You've heard it here before and will no doubt hear it again: What's going on, Democrats?
On Tuesday, we celebrated the swearing-in of two new State Senators, Jennifer Schilling and Jessica King, slicing the Republican majority in the upper house to a single vote, at 17-16.
Those two women won recall elections last month, but Democrats failed to pick up the third seat they needed to be able to block the further passage of the Scott Walker/right-wing Republlican agenda.
A month ago, taking over the State Senate was life and death. So, have we given up, when one more seat would swing the balance? That's the way the media portrays it, reporting only about the possibility of recalling Walker himself next year and speculating about whether that will or could happen.
The latest Journal Sentinel story all but wrote off the legislature:
Half the senators and all the members of the Assembly were not eligible to be recalled this year because they are protected from recalls during the first year of their terms. However, they could be recalled in 2012, and both Fitzgeralds said they were worried more recall efforts could disrupt the work of the Legislature.
"If we start getting recalls again, it can slow the whole process," Jeff Fitzgerald said.
Barca and other Democrats said it would be up to average citizens, rather than party leaders, to decide whether to recall anyone.
"The party's not contemplating it, (but) that doesn't mean it's not going to happen," said Graeme Zielinski, a state Democratic Party spokesman. "There are still people out there who are pretty energized."
That energized bunch apparently would not include the party's leaders. What a shame. Taking one of those seats seems much more attainable, frankly, than recalling Walker, when the Dems don't seem to have a strong opponent to run againat him.
As for Fitzgerald's lament that more recalls might slow down the legislative process, that is exactly what we want to do.We don't just want to slow down the Republican onslaught that will seek to restrict abortion access, ease environmental regulations to allow quick approval of mining, clear the way for more nuclear reactors, and who knows what else -- we want to stop it.
The obvious way to do that, without waiting for another year while Walker and Co. continue to turn Wisconsin into Fitzwalkerstan, is to get control of at least one house of the legislature. The Assembly is out of reach. The Senate is not.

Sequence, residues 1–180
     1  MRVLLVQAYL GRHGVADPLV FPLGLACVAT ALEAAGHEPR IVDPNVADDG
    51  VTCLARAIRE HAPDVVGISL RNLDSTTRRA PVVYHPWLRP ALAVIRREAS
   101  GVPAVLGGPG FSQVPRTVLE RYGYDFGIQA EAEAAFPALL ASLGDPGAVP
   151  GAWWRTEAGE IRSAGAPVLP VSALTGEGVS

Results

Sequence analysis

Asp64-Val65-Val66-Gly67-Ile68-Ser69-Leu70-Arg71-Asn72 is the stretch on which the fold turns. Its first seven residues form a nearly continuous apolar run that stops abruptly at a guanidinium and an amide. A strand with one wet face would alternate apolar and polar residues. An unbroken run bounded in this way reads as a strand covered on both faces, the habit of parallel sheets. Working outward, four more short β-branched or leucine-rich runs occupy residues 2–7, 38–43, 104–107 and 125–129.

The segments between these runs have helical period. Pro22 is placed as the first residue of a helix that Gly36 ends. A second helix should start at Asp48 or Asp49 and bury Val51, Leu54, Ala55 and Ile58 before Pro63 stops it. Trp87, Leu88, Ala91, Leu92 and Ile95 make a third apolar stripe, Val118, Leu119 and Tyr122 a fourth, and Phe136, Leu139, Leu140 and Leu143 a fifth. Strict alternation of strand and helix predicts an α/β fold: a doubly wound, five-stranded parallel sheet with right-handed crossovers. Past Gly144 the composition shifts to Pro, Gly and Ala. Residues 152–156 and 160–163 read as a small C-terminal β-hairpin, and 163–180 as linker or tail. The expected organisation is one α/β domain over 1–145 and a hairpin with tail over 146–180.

Beginning in November, petitions could be circulated to launch recalls against one or more of the four new Republican senators elected in last year's GOP tsunami.
All four of the swing districts that were up last November went Republican, but all have elected Democrats in the past.
The new senators, and the percentage of the vote they received:
Pam Galloway, Wausau, 52.26%
Terry Moulton, Chippewa Falls, 54.2%
Leah Vukmir, Wauwatosa, 52.15%
Van Wangaard, Racine, 52.52%
Vukmir's seat probably should be off the table. It was kind of a fluke that Jim Sullivan was able to win it before, because a crackpot right-winger Tom Reynolds, preceded him.
But why not put two or even all three of the other three into play? The best bet, in all likelihood, would be to recall Pam Galloway, who won a surprise upset victory over Russ Decker last year. That was a district that no one expected to lose, even when the other three were known to be in danger.
Galloway, Moulton and Wangaard all have voted for the Walker agenda, right down the line including his union-busting and draconian cuts that have crippled education and local governments, while giving tax breaks to fat cats and corporations.
Galloway has gone them one better though, as the sponsor of the concealed carry law that passed the legislature even though the majority of voters oppose it. She was disappointed that something stronger (or weaker. depending upon your point of view) didn't pass, to let people carry guns even without any permits or training.
Unless Dems successfully recall one of those senators, or manage to recall Walker, they can look forward to at least three more years of watching the Republicans railroad one bill after another.